As is well-known, millennials have begun to come into their homepurchasing years, and COVID accelerated that trend. This large group of excited new home buyers have created some oddities, one of which is that low priced homes have moved up in price faster than high priced homes, and not by a little bit.

For data, S&P Case Shiller breaks out the Phoenix area into price tiers. The Phoenix area includes Maricopa and Pinal counties. By tracking the same home over time, the change in prices can be determined. Then those sales are aggregated, and broken into three tiers: high, medium, or low. That data is then made available on sites such as FRED, the data site from the Federal Reserve Bank of St. Louis, and the result you can see on the attached graph.

Homes in the Phoenix low-priced tier are more volatile than the other tiers, and this time is no different. Coming out of the Great Recession, the lower tier was especially hard hit. Then, with Phoenix job creation accelerating faster than the rest of the country, and lifestyle considerations, demand came back quickly, especially starter homes. And since 2020, that spread has widened even further.

Interestingly, these new home purchasers also are not entirely happy with their purchase. Bankrate teamed up with Yougov to understand how home buyers felt about their purchase. As could be expected, purchasers had regrets, and one of the most telling was what they felt bad about, with many respondents concluding they had bought the wrong house, either the wrong size or in a bad location. These are prime candidates for a move-up house, and if the home you bought has gone up in value faster than a move-up house, and you don’t really like it, why not move?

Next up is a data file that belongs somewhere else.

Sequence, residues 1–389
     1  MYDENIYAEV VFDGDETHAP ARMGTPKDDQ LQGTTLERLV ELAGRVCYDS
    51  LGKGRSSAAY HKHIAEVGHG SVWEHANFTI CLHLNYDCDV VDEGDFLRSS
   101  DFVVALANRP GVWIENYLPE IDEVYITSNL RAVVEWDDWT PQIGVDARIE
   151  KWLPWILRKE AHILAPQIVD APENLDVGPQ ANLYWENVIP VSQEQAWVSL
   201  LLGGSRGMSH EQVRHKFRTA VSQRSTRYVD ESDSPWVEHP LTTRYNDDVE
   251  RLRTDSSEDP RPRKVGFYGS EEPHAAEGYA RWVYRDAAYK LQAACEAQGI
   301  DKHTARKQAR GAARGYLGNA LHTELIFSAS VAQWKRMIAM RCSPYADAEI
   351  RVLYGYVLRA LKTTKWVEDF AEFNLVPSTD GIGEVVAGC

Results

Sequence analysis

Chris Hodges, a realtor, investor and financier, points out another interesting phenomenon: “There is so much competition for these starter houses with not only people that want to live in these homes, but also the short-term rental and other kinds of investors, that firsttime buyers are now going right to the mid-tier homes for their first homes. With the new norm for the lower in the 400s, the 6-700s are really heating up.”

That’s very consistent with what we are seeing. While demand for finished (rehabbed) homes remains very strong at the lower prices, we are seeing increasing interest in areas like Arcadia Lite, Chandler, etc. that are more of second homes than starter homes. And they are selling much faster, in the same way the lower-end got in mid/late summer last year. In fact, a borrower last night had one bought out from under them last night while they were walking the property.

Of course, there are significant differences to consider when developing/fix-and-flipping a higher-priced home. While starter homes can all look alike, more expensive homes are expected to be customized, introducing risks as layout and design choices are made. These concerns manifest themselves in ways such as “What if the special granite counters I choose aren’t what the buyer wants, and then I have to discount the price to accommodate replacement?” By the same token, though, if you are purchasing a higher-priced house to update and fix and flip, those fashion whims are likely to create a dated home that can then be purchased at a discount to allow you to replace those black sparkly granite counters that were so fab just five years ago.

by David Nielson, Boomerange Capital Partners